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J Physiol. 2012 Oct 1;590(19):4707-15. doi: 10.1113/jphysiol.2012.236497. Epub 2012 Jul 16.

ATP-sensitive potassium channels mediate the thermosensory response of orexin neurons.

Author information

1
Division of Biomedical Sciences, Faculty of Medicine, Memorial University, 300 Prince Philip Drive, St John's, NL, A1B 3V6, Canada.

Abstract

High body temperatures are generally associated with somnolence, lethargy, hypophagia and anhedonia. Orexin neurons have been suggested to play a role in such sickness behaviours due to their known functions in appetite, behavioural and autonomic activation. Furthermore, the activity of orexin neurons is inhibited by lipopolysaccharide that induces fever. However, the cellular mechanism(s) underlying this suppression of orexin neurons was unknown. We used patch-clamp recordings in acute rat brain slices to demonstrate that orexin neurons, including those projecting to the wake-promoting locus coeruleus, are inhibited by increasing the ambient temperature by a 2-4°C increment between 26 and 40°C. This effect was not mediated by conventional thermosensing mechanisms but instead involved the activation of ATP-sensitive potassium (KATP) channels. Since KATP channels can also sense energy substrate levels and cellular metabolism, our results suggest that orexin neurons can integrate the state of energy balance and body temperature, and adjust their output accordingly. Thus, the thermosensitivity of orexin neurons may be an important part of maintaining energy homeostasis during hyperthermia and fever.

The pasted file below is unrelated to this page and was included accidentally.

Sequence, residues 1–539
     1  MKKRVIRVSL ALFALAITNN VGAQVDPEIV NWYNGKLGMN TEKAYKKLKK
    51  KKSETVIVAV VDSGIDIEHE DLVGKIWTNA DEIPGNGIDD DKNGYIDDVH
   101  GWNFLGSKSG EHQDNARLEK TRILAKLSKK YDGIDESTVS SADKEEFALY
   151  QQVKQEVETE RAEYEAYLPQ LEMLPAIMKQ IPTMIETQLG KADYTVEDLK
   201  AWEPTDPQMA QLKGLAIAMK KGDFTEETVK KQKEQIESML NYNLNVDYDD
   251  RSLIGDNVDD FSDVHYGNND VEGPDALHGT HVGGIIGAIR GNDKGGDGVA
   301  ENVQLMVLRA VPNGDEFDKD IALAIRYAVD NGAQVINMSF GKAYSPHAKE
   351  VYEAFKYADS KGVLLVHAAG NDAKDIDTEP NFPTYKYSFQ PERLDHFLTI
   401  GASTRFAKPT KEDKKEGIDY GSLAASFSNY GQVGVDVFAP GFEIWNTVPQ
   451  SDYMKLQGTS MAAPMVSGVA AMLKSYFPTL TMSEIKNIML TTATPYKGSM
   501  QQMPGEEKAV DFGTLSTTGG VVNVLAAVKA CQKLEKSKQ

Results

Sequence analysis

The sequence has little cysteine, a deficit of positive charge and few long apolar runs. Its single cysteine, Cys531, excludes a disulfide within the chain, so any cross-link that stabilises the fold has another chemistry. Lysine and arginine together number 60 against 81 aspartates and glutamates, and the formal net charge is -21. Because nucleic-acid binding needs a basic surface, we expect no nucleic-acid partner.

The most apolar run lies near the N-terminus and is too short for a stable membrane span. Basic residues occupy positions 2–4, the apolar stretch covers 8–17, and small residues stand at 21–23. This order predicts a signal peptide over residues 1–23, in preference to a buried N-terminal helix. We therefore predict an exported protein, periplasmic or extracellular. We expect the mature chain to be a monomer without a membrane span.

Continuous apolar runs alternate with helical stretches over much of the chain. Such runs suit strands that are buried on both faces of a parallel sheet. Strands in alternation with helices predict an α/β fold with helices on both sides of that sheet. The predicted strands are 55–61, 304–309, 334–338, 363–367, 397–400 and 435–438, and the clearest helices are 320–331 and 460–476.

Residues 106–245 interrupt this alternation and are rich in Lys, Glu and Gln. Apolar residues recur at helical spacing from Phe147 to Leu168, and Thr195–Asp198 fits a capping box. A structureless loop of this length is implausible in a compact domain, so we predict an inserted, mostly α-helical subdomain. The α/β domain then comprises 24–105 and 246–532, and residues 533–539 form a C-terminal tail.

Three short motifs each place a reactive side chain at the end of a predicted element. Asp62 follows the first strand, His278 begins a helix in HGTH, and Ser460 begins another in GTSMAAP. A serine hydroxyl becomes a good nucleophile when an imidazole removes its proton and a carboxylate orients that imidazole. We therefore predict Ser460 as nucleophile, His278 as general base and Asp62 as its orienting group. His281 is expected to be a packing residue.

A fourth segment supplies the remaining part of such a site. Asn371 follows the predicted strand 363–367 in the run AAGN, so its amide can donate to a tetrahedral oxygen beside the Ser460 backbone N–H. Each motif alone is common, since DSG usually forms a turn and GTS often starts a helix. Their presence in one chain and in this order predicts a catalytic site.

PMID:
22802589
PMCID:
PMC3487032
DOI:
10.1113/jphysiol.2012.236497
[Indexed for MEDLINE]
Free PMC Article

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